Notable Women in the Physical Sciences: A Biographical Dictionary

By Benjamin F. Shearer; Barbara S. Shearer | Go to book overview

SARAH FRANCES WHITING
(1847-1927) Astronomer, Physicist
Birth 1847
1865 B.A., Ingham University, Le Roy, NY
1865-76 Teacher of classics and mathematics, Brooklyn Heights
Seminary
1876-1912 Professor of Physics, Wellesley College
1900-16 Director of Whitin Observatory, Wellesley College
1905 Honorary degree, Tufts College
Death 1927

Sarah Whiting was first and foremost a teacher, very interested and successful in promoting the education of women. Her wide-ranging interests, from electric lights to X-rays, the weather, and astronomy, led her to the singular distinction of having made the first X-ray pictures in America.

Sarah Frances Whiting was born in Wyoming, New York, the daughter of Elizabeth Comstock and Joel Whiting. Her mother's family had settled in Connecticut and Long Island in the 1600s, and the Whitings came from Vermont. Joel Whiting was a graduate of Hamilton College and served as teacher and principal in a number of academies in New York State. Sarah became interested in physics while helping her father prepare demonstrations for his classes. He taught Latin, Greek, mathematics, and physics and tutored his daughter himself.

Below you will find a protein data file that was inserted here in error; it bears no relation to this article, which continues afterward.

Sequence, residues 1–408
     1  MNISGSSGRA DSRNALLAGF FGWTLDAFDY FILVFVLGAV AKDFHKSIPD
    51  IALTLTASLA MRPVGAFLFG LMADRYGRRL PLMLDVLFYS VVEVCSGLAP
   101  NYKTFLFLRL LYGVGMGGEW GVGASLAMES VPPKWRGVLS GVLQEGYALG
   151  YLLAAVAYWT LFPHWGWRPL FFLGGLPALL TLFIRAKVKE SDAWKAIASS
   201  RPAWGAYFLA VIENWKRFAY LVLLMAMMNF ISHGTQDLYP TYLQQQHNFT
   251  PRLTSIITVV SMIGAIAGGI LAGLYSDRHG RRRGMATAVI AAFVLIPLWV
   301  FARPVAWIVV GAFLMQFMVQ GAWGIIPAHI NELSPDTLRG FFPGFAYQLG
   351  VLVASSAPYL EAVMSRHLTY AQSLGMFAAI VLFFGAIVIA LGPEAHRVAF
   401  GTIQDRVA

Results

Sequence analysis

Sarah was well advanced in these subjects when she entered Ingham University in Le Roy, New York. She graduated with a bachelor's degree in 1865 and continued on at Ingham, teaching classics and mathematics. Later, she moved to Brooklyn Heights Seminary for girls, where she taught until 1876.

While in Brooklyn, Sarah attended scientific lectures and visited laboratories and exhibitions of new equipment. "She became known as an enthusiastic and effective teacher who showed great ingenuity in improvising apparatus for her lectures and shared with her students her excitement over new discoveries."1 In 1875 Henry Fowle Durant, founder of Wellesley College, sought out Sarah to teach physics at his new school

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